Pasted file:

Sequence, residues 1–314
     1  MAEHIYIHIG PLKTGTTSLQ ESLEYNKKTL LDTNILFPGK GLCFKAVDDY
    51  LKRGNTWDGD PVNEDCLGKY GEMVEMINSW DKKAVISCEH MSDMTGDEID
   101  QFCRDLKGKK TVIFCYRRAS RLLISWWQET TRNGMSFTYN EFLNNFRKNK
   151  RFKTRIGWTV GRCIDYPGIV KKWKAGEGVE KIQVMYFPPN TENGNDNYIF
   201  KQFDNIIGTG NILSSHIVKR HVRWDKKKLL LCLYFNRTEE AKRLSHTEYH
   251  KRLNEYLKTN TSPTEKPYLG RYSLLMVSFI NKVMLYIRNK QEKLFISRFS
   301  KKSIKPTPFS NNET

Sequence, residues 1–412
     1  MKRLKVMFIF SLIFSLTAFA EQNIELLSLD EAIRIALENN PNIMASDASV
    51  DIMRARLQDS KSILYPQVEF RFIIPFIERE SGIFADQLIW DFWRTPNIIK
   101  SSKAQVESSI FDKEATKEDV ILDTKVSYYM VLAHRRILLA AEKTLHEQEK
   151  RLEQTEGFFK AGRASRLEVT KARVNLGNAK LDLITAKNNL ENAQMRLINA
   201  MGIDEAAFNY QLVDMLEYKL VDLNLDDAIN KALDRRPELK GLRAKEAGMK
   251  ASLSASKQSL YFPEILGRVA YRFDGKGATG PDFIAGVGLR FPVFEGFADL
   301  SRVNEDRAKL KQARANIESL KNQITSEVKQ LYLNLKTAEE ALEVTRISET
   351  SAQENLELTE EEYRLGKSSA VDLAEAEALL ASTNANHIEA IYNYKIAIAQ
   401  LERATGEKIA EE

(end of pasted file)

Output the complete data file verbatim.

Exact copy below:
Sequence, residues 1–314
     1  MAEHIYIHIG PLKTGTTSLQ ESLEYNKKTL LDTNILFPGK GLCFKAVDDY
    51  LKRGNTWDGD PVNEDCLGKY GEMVEMINSW DKKAVISCEH MSDMTGDEID
   101  QFCRDLKGKK TVIFCYRRAS RLLISWWQET TRNGMSFTYN EFLNNFRKNK
   151  RFKTRIGWTV GRCIDYPGIV KKWKAGEGVE KIQVMYFPPN TENGNDNYIF
   201  KQFDNIIGTG NILSSHIVKR HVRWDKKKLL LCLYFNRTEE AKRLSHTEYH
   251  KRLNEYLKTN TSPTEKPYLG RYSLLMVSFI NKVMLYIRNK QEKLFISRFS
   301  KKSIKPTPFS NNET

Sequence, residues 1–412
     1  MKRLKVMFIF SLIFSLTAFA EQNIELLSLD EAIRIALENN PNIMASDASV
    51  DIMRARLQDS KSILYPQVEF RFIIPFIERE SGIFADQLIW DFWRTPNIIK
   101  SSKAQVESSI FDKEATKEDV ILDTKVSYYM VLAHRRILLA AEKTLHEQEK
   151  RLEQTEGFFK AGRASRLEVT KARVNLGNAK LDLITAKNNL ENAQMRLINA
   201  MGIDEAAFNY QLVDMLEYKL VDLNLDDAIN KALDRRPELK GLRAKEAGMK
   251  ASLSASKQSL YFPEILGRVA YRFDGKGATG PDFIAGVGLR FPVFEGFADL
   301  SRVNEDRAKL KQARANIESL KNQITSEVKQ LYLNLKTAEE ALEVTRISET
   351  SAQENLELTE EEYRLGKSSA VDLAEAEALL ASTNANHIEA IYNYKIAIAQ
   401  LERATGEKIA EE